New Ways to Kill Your Mother by Colm Toibin
|New Ways to Kill Your Mother by Colm Toibin|
|Reviewer: Trish Simpson-Davis|
|Summary: Biographical essays unpicking complex family relationships of Irish and other writers. Stamina needed.|
|Buy? No||Borrow? Yes|
|Pages: 352||Date: March 2013|
Colm Tóibín has created a series of biographical essays, amassed in authoritative detail. They presumably started life as comparative lectures for fortunate students at universities in the USA and UK where Toibin has held tenure. The first chapter describes the phenomenon of motherless children as a plot driver in novels by Jane Austen and Henry James. Irish readers may be particularly interested in the earlier half which includes chapters on Brian Moore, Sebastian Barry and Roddy Doyle.
Some of the essays examine similarities, as in the ancestral confusion felt by two fatherless American blacks, James Baldwin and Barrack Obama. In between are intimately-pictured, difficult family relationships: Tennessee Williams, WB Yeats, Samuel Beckett, JM Synge and more. Tóibín shows them as products of their familial upbringing both in their creative firepower and in the narcissistic, tortured adults they become. Most of the subjects were homosexual, although that seems largely irrelevant to Tóibín’s main theme. Thomas Mann, the German writer, provided an extraordinary emotional home for his six children. Freud would have had a field day.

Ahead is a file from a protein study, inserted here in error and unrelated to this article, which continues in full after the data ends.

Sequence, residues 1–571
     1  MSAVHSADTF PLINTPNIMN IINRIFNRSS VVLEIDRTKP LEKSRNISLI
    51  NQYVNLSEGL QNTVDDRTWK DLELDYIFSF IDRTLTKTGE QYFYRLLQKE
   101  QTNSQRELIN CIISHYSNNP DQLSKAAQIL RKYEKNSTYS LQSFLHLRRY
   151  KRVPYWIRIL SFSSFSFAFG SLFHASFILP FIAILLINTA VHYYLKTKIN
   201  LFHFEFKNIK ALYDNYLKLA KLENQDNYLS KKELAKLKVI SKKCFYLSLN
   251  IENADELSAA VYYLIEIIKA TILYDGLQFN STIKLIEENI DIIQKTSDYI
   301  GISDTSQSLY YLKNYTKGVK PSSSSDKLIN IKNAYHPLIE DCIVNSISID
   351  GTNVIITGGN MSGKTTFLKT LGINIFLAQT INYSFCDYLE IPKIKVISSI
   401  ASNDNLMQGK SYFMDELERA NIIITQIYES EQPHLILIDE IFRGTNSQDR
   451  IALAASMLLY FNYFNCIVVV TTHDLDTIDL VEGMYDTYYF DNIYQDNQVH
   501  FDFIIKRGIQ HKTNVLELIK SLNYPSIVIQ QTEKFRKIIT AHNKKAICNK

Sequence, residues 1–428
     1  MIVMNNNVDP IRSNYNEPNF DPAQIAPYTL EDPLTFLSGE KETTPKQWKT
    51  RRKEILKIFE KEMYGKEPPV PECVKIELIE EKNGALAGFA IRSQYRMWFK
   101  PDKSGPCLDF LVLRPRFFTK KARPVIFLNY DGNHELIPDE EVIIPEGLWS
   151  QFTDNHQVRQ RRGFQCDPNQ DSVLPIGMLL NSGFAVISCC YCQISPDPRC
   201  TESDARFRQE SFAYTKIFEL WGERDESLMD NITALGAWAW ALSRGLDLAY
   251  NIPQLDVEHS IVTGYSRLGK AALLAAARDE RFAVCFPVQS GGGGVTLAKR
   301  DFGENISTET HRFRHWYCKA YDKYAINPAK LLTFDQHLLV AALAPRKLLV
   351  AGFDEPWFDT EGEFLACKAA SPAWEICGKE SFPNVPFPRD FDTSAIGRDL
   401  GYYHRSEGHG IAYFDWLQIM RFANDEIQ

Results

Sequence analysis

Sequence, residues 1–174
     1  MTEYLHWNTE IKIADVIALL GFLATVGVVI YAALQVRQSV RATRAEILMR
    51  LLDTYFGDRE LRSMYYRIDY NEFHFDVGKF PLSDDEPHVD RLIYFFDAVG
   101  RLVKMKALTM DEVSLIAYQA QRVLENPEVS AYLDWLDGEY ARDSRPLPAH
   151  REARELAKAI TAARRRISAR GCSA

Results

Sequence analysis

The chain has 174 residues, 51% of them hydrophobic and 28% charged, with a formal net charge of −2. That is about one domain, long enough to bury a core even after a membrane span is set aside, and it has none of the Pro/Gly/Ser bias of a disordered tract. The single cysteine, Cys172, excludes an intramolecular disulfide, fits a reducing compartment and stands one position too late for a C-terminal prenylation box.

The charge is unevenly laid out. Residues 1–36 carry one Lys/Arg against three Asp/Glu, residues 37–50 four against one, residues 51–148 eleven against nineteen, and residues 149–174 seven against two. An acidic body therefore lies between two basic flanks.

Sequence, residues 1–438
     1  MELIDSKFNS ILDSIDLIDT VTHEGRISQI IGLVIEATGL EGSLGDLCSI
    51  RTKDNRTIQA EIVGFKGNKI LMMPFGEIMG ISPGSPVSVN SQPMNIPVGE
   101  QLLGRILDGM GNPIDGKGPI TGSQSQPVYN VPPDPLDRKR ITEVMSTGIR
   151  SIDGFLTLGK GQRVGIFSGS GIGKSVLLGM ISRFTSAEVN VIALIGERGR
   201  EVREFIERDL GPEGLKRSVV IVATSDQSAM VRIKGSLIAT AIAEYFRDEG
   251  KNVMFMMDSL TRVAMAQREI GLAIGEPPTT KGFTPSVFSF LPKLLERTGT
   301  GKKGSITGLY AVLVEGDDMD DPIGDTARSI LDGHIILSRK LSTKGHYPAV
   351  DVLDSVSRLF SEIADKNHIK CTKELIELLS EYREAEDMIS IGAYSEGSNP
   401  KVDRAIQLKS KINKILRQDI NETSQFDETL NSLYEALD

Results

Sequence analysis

I didn’t find the book teasing, wonderfully funny as the Guardian reviewer promised; in fact, it didn’t really appeal at a first reading. My literary muscles are currently way out of condition for coping with this sort of book. That isn’t meant as a criticism of a great writer, but a comment on the unsuitability of my choice.
You can’t judge a book by its cover, so they say. Particularly not by its title. Colm Tóibín has published two previous books of short stories, as well as seven novels, so an eye-catching title like 'New Ways to Kill Your Mother' with a funky cover sounded to me like a entertaining book of short stories. A fair assumption, perhaps, but way off beam. I suspect the book I meant to read was his short story collection, The Empty Family by Colm Toibin.
I'd like to thank the publishers for sending this book.
A much better starting place for this masterly writer would be his fictional biography of Henry James, The Master which was Booker Prize short-listed. Hand on heart, I sprinted through the whole book in a couple of days. Unless you generally marathon run with FR Leavis, I have to respectfully suggest that you should handle New Ways to Kill Your Mother slowly and with care.
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